Another key issue is the fact that existing customers who are satisfied are more likely to recommend a product to others, e.g. on social media or amongst people around them, so they provide a sort of free sales support service. Moreover, in terms of compliance with data protection regulations, communicating with existing customers is simpler than addressing potential new customers (W&V, 2019).
Recent studies show that adding greater value based on optimising customer communications with customer analytics is not just theoretical.
According to McKinsey & Company (2016), businesses that deploy customer analytics widely see a substantial improvement in key figures such as profits, turnover, growth, and return on investment.
A study published recently by Harvard Business Review Analytic Services (2019) confirms this. 58% of the 560 companies surveyed state that using customer analytics has improved customer loyalty. In 44% of businesses, this led to significant increases in growth and revenue.
For which businesses is customer analytics relevant?
In principle, any company that has a lot of customer data can benefit from customer analytics, whether they are a corporate group or a medium-sized company. In many cases, deploying an appropriate software solution becomes worthwhile when the number of customer records reaches a few hundred thousand (for B2C; fewer in the B2B sector).
In terms of the industries in which customer analytics is relevant, some are more obvious than others. Due to the abundance of transaction data they accumulate, retail companies are ideal for deploying customer analytics. Charitable organisations, financial services providers, and insurance companies also have a large volume of customer data.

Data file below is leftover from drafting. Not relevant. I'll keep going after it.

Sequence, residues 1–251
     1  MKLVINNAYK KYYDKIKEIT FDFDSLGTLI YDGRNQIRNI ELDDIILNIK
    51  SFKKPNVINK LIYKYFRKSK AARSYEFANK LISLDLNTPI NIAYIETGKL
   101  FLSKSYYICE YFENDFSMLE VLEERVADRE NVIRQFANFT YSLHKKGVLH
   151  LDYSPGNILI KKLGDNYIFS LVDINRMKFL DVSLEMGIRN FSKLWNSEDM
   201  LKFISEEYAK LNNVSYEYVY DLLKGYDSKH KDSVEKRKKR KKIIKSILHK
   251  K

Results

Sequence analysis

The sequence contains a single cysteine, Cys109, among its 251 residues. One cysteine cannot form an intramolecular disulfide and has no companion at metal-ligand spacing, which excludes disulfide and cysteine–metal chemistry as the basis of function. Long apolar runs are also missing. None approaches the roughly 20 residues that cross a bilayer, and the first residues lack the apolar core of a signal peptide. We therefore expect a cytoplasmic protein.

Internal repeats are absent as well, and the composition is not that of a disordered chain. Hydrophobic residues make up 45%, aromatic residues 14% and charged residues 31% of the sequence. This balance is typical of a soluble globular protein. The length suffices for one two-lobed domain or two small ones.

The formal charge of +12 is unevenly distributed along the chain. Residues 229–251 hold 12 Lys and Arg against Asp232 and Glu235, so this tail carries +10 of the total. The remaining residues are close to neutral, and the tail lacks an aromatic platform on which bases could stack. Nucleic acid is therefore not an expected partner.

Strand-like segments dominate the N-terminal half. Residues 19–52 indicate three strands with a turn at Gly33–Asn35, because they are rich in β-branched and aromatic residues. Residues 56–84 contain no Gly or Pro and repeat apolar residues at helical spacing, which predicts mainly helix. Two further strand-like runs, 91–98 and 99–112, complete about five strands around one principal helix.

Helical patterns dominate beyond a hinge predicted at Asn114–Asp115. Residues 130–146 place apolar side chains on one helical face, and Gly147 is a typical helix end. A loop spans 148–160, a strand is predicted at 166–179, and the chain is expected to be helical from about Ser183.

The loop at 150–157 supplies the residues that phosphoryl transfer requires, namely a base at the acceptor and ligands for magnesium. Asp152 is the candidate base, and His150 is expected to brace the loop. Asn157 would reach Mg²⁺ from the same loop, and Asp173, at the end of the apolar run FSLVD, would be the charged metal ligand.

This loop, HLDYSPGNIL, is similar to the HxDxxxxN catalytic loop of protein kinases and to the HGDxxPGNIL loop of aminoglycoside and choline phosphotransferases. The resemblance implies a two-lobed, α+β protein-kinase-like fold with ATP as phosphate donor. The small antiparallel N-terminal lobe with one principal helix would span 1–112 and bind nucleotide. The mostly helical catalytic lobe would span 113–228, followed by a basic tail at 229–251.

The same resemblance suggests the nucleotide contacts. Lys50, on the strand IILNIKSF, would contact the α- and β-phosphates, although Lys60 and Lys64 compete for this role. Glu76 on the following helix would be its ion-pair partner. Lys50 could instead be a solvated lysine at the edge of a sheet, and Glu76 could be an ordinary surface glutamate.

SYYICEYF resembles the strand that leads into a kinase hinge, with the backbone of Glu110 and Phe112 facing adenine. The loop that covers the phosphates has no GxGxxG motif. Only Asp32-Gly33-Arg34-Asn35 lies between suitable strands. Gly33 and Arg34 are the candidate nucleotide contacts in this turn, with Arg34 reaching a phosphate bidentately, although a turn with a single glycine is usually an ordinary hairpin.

But at second glance, many other sectors also have a lot of data that they can use to analyse and personalise their communications. For example, energy and power companies have consumption data, car dealers have information about wear and tear in installed components, and media and publishing companies have data on how much time their subscribers spend with them.
Which requirements must be satisfied for customer analytics to be deployed?
An inevitable requirement for using customer analytics is access to all customer data, consolidated in a database. A company’s own IT department can often help create this. For any that are unable to implement it themselves, there are specialised service providers who can help.
A piece of analytics software that sits on top of the database is also needed. This type of application enables the data to be analysed and displayed, which generates new findings so that specific target groups can be selected for campaigns.
Having a corporate culture that puts analytical findings at the heart of its decision-making is also crucial for deploying customer analytics successfully.
Would you like to find out more about how customer analytics can create added value for your business? We would be happy to answer your questions and give you a demo to show you what is possible.